Monitoring and evaluation

In addition to existing monitoring and review processes by various committees (see above), the Climate Change Programme introduced the Annual Report to Parliament. The reports provide an overview of GHG emissions in the UK and review government actions to reduce them. The first Annual Report (DEFRA, 2007) was published in July 2007.

Conclusions from the two examples

Sweden and the UK are both among the most successful EU Member States in reaching their Kyoto targets. Furthermore, both countries have set themselves more ambitious emissions reduction targets in their national climate strategies. On a glance, the two examples show considerable similarities regarding governance arrangements, policies and feedback cycles related to the respective climate strategies.

Regarding governance arrangements, several councils and committees are responsible for climate change policies. Policy coordination is carried out by the Environment Quality Objectives Council in Sweden and the recently established Office of Climate Change in the UK. Both countries also include stakeholders in commissions, partnerships and networks.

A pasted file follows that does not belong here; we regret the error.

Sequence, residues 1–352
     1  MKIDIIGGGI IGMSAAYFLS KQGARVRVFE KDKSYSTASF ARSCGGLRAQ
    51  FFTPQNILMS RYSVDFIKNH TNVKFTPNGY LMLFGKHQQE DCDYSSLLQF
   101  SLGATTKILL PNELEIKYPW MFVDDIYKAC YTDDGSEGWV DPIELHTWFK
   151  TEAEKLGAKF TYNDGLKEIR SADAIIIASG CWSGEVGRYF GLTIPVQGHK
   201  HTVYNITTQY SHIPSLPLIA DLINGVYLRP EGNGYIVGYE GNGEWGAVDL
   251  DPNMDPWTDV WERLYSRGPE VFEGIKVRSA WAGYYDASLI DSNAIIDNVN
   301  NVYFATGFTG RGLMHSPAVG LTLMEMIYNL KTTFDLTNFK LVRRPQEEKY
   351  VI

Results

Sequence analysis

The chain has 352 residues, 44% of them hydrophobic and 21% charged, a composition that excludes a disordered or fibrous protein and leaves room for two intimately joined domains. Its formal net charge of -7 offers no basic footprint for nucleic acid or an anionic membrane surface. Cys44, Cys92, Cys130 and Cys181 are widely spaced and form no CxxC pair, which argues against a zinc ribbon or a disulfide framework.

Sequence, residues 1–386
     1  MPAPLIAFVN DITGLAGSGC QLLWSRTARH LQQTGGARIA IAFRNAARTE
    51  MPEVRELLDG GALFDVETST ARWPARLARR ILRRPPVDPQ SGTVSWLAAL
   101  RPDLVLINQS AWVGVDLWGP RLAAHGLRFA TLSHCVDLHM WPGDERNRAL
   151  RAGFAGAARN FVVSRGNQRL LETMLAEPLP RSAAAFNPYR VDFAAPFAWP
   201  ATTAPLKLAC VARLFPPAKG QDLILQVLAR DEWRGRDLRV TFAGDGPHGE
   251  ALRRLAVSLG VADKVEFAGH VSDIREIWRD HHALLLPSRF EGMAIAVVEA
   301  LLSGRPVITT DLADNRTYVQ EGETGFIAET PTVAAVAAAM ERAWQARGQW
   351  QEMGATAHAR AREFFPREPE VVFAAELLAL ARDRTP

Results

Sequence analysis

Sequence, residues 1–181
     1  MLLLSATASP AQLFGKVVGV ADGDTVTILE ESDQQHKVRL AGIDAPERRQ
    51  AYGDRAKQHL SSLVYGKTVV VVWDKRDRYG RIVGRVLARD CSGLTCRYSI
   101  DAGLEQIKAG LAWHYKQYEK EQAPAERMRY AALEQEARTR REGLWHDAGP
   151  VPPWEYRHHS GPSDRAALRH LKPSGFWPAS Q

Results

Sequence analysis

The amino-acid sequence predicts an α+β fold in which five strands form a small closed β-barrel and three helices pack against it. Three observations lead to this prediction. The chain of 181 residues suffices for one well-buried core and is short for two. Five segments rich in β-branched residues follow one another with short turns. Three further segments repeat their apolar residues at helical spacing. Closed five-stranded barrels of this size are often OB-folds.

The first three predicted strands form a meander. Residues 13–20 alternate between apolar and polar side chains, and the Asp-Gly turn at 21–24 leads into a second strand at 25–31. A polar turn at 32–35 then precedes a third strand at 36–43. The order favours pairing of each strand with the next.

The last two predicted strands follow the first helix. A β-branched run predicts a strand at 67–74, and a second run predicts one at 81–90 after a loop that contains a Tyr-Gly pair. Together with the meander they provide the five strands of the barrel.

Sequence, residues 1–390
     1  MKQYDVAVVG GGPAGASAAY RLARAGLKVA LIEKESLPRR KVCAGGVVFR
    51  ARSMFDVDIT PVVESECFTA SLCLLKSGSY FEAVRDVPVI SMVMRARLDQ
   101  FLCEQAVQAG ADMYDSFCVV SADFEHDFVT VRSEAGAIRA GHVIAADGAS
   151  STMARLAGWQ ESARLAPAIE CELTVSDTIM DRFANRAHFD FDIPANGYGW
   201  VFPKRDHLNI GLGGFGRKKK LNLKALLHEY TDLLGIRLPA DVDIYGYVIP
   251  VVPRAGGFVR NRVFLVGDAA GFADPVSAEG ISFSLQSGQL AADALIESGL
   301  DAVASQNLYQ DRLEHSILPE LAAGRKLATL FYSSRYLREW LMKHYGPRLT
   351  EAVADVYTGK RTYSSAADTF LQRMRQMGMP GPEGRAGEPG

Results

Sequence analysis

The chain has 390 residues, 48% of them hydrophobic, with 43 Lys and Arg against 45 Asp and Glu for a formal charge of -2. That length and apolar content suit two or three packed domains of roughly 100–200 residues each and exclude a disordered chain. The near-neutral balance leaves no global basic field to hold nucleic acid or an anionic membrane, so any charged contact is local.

Regarding policy instruments, both Sweden and the UK make use of an extensive “toolbox”. The Swedish Climate Strategy distinguishes between cross-sectoral and sectoral policy instruments, and the UK Climate Programme outlines policy instruments for various sectors. However, national reviews in both countries (DEFRA, 2007; Swedish Ministry of Sustainable Develoment, 2005) suggest that the highest GHG emission reductions were stimulated by economic/financial instruments, namely, the carbon dioxide tax in Sweden (emission cuts in the residential and service sector) and the Climate Change Levy in the UK, a tax on energy use (emission cuts through energy reduction in the industry, business and public sector).

Regarding feedback cycles, both countries have established regular review and monitoring processes on the implementation of their climate change strategies. Sweden uses so-called “Checkpoints” every four years (2004 and 2008). The UK has established a system of annual reports to the parliament.

Overall, it seems that climate strategies and SD strategies share several features of strategic management in the public sector that would be worthwhile to explore in more detail.


References and Links

DEFRA (Department for Environment, Food and Rural Affairs) (2007) UK Climate Programme: Annual Report to Parliament, July 2007,